Autism is an identifiable disorder in itself. However, it can come alongside numerous different illnesses, all of which are important to identify.
While some are more common, and, as everybody is different, it is important to recognise that different people may struggle with different areas. It is vital that person-centered support is tailored around all of the individuals’ needs and include positive physical and mental health support.
People with autism are considered more likely to develop a mental health illness. According to MIND, this is because there are fewer resources to help with developing coping mechanisms, and there is a higher probability of facing ‘negative life events’.
In addition to this, the National Autistic Society cites that Autistic people may be more likely to face extreme anxiety because it can be more challenging to control worries.
For those with ASD, changes such as differences in sensory processing (being under or over-sensitive to noises, lights, and smells) can cause anxiety, as can a change in routines.
The best ways to resolve anxiety for those with autism are much like the methods used for those without. First, it is important to understand the triggers of stress. After this, relaxation and self-soothing techniques are taught.
Gastroinestianal (SI) Symptoms
In many academic circles, it is understood that people with autism are also more likely to experience GI symptoms such as abdominal pain, constipation and diarrhea.
One reason behind this is that children with ASD tend to have very selective eating, focusing primarily on processed food. This can cause GI symptoms without the presence of an underlying medical condition.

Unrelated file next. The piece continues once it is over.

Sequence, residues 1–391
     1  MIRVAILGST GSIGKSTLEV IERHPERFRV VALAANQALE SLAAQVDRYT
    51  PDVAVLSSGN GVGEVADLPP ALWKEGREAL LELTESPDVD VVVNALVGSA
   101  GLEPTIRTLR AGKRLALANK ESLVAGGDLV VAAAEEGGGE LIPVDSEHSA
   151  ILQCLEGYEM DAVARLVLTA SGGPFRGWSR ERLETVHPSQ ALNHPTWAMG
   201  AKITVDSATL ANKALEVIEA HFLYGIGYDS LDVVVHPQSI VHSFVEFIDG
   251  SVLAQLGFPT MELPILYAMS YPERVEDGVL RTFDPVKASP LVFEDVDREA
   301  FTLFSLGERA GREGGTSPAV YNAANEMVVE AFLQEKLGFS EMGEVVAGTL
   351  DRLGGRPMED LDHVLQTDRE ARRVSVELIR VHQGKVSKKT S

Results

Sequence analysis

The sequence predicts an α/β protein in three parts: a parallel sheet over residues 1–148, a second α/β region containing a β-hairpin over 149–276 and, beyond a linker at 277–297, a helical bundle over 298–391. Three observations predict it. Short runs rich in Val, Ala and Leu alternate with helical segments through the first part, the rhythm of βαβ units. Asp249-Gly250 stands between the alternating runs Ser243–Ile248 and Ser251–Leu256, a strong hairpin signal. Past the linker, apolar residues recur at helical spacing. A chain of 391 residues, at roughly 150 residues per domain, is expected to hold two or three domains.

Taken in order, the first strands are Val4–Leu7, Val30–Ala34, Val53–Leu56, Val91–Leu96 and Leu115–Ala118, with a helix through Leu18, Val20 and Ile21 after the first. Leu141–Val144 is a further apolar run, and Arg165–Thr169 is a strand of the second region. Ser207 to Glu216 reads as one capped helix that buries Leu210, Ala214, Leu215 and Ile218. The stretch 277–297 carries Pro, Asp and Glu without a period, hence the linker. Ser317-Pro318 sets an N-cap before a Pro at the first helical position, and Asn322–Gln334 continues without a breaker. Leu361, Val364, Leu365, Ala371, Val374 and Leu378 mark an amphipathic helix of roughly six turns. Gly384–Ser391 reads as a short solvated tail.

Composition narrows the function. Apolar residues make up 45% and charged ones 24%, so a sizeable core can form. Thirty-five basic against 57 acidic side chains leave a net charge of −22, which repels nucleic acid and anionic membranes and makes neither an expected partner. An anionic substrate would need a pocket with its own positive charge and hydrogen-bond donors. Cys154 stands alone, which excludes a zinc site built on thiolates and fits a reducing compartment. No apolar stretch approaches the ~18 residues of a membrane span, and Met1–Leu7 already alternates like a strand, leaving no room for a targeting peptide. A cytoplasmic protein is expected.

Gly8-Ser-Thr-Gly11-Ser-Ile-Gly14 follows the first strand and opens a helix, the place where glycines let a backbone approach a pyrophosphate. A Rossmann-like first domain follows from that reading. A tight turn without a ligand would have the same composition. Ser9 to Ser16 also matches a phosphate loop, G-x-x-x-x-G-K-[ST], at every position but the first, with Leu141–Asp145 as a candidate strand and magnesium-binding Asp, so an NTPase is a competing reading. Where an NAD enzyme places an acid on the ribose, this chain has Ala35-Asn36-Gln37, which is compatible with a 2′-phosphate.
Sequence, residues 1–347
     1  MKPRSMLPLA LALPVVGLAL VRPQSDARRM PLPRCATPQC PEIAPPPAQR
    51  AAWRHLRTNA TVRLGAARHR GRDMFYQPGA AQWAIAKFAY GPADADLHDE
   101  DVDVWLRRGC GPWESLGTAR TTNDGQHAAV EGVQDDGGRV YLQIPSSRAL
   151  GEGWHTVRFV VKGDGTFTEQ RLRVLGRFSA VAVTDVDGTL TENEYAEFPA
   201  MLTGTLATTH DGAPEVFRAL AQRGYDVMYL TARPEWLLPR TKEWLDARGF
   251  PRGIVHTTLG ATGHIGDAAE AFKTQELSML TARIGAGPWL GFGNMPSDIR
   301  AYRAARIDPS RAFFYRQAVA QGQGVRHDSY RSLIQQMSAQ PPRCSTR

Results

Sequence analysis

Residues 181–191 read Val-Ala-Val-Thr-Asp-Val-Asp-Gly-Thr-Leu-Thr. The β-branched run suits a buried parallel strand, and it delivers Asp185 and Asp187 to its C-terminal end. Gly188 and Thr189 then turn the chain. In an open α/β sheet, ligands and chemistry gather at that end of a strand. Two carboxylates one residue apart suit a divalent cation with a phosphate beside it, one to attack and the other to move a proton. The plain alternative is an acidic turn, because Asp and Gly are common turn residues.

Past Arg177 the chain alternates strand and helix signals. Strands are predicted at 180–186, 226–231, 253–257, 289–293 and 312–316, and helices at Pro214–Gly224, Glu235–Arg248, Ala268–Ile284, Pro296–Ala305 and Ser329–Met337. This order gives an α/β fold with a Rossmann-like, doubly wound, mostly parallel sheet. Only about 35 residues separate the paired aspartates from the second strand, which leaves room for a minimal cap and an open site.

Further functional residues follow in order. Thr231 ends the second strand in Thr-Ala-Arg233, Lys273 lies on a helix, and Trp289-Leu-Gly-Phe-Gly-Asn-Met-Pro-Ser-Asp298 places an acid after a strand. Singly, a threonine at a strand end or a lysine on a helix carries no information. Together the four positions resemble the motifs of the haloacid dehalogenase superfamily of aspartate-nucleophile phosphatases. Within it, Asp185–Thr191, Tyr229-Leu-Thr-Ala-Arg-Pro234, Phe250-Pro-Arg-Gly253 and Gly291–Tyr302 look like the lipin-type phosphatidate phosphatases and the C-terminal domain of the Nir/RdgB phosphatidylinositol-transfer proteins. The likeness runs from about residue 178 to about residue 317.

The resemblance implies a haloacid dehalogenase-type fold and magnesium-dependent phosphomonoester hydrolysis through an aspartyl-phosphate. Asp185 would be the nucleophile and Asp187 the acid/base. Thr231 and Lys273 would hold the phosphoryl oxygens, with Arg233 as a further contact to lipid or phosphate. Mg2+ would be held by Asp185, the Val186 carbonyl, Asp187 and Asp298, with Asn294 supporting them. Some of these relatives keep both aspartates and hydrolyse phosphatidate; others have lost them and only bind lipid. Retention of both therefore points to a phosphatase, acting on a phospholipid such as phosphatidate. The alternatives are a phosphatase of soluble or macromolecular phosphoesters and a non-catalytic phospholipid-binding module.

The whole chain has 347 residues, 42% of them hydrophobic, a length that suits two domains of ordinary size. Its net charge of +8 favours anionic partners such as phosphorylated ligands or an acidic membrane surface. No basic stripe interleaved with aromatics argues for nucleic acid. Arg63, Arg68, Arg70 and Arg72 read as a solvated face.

This culmination in having trouble eating healthy foods and finding it challenging to communicate can mean it is challenging to know how to help a child with GI symptoms and autism.
Children with autism are more likely to also have epilepsy, and children diagnosed with epilepsy are more likely to have autism.
While this is not common, it can be something to consider if your child is diagnosed with either of these conditions. But this is where the similarities end. There are many seizures associated with epilepsy, and all can be apparent with a dual epilepsy ASD diagnosis.
Pica, the eating of non-food items, is more prevalent in those with autism than in the general population. This eating disorder can be caused by numerous things, some of which researchers have not uncovered yet.
However, there are three connections that can be identified. The first, which is particularly prevalent in those with ASD, is that the person enjoys the sensory feeling of eating non-food items.
As well as this, some difficulty may come from when the individual cannot tell the difference between food and non-food items. And finally, some instances of Pica may derive from a craving for nutrients like iron or zinc.
If your child presents any symptoms associated with the disorders we have discussed, it is vital that you consult your child’s doctor.